We tried a "normal" egg alongside for comparison, and the difference is quite remarkable.  I'm reluctant to ever eat plain eggs again - but will have to of course, or we'll go broke (or miss out on eating eggs).

Shaving truffle

Best poached eggs ever.


Friday, July 15, 2011

Ode to Truffles

For Mum and Dad, who are going to find truffles in the paddock at the bottom of the hill any day now (and for Leo who is trying his hardest!)..

We were fortunate enough to get a couple of seats at the latest Fringe Food Festival event this week - a truffle tasting dinner!  Very disappointed to miss the first one, and just so excited that they ran a second night!

Why so excited?
About 8 years ago I helped Mum and Dad to plant a few trees in the bottom paddock of the farm in NZ.  Small sticks which were barely visible except for the stakes holding them up, we didn't really care if they grew tall or straight - we were more concerned about the roots, which hold the perigord truffle fungus.
Any day now Leo, the world's coolest sniffer dog, is going to stop in the middle of his daily walk, and point at a patch of ground, and show us where the goods are hiding.  And Dad will probably have a heart attack.

These things are black gold.


And I'm a little embarrassed to say, I'd only tried them once before last night's dinner!

Dinner started fresh, and lively:


Boneless chicken wings (I have no idea how, but they were worth any effort required!) with a kick of lime, NSW truffle and squid-ink.

The next course was rich, warm, and wintery:


Soft polenta on buerre blanc, with a poached egg, a  hint of parmesan, and Tasmanian truffle.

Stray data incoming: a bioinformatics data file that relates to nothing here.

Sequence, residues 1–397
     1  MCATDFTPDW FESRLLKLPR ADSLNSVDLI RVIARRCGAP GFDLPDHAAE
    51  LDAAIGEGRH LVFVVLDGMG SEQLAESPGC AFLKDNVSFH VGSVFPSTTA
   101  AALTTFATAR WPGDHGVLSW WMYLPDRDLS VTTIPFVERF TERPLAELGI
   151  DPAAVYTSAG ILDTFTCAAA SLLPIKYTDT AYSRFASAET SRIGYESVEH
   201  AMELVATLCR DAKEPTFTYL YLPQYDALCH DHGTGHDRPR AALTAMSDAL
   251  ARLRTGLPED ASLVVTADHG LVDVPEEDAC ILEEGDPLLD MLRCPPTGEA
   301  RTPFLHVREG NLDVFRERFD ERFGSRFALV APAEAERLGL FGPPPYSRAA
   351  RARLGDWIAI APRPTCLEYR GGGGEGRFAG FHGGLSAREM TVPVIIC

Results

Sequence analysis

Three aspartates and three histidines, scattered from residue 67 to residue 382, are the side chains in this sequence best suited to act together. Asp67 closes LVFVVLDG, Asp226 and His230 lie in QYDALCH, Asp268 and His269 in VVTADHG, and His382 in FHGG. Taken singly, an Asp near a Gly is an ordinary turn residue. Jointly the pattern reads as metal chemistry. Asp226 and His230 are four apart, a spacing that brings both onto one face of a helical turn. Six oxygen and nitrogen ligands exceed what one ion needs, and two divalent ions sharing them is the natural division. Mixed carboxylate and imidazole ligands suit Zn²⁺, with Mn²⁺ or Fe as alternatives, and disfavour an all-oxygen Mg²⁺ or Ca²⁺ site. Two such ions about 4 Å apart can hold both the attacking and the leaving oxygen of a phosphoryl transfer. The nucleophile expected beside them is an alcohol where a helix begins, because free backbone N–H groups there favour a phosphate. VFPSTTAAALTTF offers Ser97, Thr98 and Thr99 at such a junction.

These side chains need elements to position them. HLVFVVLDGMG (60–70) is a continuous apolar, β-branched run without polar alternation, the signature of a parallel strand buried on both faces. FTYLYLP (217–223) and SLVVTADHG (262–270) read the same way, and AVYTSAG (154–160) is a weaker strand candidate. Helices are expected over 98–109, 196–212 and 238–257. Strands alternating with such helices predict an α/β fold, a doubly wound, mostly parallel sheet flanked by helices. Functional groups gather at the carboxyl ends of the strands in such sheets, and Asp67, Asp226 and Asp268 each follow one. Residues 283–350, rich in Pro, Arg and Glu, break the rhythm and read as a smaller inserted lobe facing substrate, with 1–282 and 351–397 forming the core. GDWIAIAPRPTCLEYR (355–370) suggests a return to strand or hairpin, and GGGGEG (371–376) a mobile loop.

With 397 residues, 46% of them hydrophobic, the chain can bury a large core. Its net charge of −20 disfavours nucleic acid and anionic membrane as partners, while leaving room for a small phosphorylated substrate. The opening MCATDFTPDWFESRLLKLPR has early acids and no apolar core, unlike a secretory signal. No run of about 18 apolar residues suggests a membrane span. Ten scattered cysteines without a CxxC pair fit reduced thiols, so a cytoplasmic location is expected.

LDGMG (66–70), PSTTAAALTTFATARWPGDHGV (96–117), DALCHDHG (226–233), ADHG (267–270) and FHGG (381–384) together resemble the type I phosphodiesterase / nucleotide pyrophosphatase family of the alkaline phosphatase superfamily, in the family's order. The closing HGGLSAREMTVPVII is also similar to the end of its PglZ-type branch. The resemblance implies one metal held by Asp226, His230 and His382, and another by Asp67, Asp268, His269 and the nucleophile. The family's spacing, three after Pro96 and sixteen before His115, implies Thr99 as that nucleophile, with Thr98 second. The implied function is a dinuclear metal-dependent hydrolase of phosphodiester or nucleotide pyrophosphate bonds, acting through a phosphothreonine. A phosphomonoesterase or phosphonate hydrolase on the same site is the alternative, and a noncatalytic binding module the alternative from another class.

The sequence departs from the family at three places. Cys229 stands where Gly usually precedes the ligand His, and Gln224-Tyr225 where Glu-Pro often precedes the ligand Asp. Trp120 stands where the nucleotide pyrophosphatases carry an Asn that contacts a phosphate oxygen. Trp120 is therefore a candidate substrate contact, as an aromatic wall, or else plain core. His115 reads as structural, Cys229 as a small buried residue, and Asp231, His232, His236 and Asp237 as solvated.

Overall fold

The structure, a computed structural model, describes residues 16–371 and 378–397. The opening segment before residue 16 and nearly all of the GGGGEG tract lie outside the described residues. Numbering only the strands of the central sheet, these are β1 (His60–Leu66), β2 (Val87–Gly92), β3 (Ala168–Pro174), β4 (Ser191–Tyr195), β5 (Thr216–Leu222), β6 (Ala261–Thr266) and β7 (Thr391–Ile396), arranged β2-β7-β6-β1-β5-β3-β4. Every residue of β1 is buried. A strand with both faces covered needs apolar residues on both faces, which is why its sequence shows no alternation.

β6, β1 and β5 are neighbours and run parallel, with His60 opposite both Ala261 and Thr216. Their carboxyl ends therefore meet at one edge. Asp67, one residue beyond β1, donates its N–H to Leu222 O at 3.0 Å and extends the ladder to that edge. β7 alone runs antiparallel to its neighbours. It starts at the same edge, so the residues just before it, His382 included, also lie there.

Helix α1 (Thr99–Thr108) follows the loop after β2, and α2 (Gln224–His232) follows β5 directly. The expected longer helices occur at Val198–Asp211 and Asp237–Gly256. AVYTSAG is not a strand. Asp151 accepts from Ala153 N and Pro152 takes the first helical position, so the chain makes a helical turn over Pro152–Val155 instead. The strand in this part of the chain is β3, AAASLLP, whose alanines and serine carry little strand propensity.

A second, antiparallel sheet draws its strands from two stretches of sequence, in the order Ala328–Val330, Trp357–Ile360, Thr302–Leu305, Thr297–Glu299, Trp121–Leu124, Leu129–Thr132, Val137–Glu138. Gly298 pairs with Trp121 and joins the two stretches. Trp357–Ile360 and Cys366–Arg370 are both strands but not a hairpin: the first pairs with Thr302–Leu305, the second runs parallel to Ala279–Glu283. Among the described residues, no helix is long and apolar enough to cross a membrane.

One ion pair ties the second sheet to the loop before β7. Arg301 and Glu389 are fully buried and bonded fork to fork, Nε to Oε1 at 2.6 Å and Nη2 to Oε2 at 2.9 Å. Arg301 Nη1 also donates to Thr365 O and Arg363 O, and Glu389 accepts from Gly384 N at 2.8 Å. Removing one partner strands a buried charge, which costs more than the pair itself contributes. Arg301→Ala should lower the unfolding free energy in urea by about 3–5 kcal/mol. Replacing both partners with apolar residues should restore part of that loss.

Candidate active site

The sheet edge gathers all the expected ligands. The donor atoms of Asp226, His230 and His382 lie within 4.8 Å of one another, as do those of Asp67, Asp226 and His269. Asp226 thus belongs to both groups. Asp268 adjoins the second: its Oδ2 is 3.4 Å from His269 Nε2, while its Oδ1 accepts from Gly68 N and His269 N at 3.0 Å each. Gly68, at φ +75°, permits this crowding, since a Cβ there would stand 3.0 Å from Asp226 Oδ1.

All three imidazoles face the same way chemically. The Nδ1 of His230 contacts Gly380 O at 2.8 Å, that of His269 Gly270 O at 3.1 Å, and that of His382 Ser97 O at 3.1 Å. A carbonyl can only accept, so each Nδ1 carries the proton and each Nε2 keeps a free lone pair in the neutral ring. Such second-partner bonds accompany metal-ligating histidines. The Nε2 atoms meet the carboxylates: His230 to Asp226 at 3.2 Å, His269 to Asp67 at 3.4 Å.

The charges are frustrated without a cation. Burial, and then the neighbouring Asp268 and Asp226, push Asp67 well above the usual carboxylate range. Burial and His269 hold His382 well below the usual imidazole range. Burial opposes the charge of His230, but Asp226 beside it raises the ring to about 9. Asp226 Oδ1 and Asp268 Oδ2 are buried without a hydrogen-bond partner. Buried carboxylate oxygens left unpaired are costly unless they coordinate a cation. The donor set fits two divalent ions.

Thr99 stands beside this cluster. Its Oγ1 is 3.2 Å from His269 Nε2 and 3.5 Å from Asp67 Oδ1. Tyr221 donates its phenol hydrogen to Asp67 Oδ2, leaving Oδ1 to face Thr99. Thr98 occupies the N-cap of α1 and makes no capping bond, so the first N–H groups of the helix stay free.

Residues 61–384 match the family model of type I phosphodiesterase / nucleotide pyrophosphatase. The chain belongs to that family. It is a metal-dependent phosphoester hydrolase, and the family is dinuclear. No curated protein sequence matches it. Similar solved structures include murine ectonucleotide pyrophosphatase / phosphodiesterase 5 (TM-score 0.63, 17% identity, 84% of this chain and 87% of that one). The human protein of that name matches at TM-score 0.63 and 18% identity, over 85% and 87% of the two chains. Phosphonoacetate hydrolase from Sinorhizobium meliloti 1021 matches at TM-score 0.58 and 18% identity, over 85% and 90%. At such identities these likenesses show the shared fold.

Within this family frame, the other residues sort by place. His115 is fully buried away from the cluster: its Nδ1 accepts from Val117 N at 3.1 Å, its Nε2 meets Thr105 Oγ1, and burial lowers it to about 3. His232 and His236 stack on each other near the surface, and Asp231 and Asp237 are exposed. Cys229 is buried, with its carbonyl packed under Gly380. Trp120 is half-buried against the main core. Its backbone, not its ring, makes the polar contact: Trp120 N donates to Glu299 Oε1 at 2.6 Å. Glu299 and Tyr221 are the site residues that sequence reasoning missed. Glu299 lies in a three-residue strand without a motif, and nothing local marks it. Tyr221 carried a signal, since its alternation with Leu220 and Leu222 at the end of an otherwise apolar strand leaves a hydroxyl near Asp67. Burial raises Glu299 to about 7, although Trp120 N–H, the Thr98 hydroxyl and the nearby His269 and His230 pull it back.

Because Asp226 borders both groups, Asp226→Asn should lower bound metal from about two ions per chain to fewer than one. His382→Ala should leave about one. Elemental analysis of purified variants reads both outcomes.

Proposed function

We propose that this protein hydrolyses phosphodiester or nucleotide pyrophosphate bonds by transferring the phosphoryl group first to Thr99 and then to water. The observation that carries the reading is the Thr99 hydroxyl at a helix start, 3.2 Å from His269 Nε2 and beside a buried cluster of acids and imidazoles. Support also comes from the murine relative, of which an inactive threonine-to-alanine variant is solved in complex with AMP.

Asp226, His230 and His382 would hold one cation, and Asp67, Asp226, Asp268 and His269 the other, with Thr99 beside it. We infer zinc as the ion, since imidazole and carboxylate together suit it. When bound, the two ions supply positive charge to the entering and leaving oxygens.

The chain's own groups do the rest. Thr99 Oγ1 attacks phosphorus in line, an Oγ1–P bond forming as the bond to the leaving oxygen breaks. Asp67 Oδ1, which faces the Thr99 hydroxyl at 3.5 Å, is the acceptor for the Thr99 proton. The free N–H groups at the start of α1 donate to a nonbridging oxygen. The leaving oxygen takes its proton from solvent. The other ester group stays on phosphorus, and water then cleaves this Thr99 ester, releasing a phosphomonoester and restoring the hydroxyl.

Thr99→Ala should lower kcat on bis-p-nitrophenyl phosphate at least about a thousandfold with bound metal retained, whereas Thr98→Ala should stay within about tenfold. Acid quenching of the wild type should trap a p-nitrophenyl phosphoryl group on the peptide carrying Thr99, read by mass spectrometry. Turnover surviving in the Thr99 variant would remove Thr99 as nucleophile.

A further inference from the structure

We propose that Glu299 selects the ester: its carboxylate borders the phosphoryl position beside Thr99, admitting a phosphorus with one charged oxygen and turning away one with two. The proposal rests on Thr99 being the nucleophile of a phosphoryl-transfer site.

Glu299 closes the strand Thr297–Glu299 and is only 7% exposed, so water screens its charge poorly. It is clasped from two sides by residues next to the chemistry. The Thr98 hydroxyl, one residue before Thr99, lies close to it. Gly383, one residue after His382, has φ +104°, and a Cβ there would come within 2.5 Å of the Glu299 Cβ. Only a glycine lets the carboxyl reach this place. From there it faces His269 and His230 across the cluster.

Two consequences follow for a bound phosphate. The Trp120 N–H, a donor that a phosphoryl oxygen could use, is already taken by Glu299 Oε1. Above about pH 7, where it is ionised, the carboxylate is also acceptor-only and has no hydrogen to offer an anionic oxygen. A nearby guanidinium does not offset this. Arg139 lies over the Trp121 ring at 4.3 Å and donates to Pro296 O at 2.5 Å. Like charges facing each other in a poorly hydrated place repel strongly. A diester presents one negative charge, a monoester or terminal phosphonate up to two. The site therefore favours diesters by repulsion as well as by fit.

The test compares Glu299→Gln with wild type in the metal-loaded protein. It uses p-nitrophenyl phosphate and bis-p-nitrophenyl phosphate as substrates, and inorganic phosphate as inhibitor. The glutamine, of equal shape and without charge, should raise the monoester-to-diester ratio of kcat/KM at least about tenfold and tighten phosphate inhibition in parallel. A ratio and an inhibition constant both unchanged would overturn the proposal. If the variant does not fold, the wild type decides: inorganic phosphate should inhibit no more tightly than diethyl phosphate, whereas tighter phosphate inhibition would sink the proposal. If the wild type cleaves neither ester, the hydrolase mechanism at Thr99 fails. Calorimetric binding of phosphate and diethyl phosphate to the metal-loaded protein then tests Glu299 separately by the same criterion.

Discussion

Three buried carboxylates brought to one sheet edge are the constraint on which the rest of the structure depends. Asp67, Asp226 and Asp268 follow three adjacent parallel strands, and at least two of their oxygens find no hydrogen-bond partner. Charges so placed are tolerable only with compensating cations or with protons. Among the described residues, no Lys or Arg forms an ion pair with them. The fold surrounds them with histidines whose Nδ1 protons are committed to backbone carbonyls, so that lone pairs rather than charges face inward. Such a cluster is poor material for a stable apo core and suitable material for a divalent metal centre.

(This was my favourite.  I'm drooling just looking at the pictures!)

And then the height of simplicity:


Hand-cut pappardelle, with king brown mushroom and butter, topped with Western Australian - you guessed it - truffle.

The objective was to see if we could pick the regional differences, so to finish we were given three plates of scrambled egg, with each of the three truffles, to see if we could pick them.


The differences were surprising - though I'm not sure I could pick these if they were not side-by-side.

Thanks to St Ali for hosting us (and for being a very comfortable couple of blocks walk from home!) Ed of Tomato blog for letting his many readers know about the event, part of the "Fringe Food Festival".  Scott Pickett cooked up a storm, and did a great job of putting the focus on Madame Truffles  We also had the pleasure of sampling Crittenden Estate's Los Hermanos Tributa a galicia, and The Zumma pinot noir (recently awarded 94 points by Gourmet Traveller and ranked the fourth best pinot noir in Australia).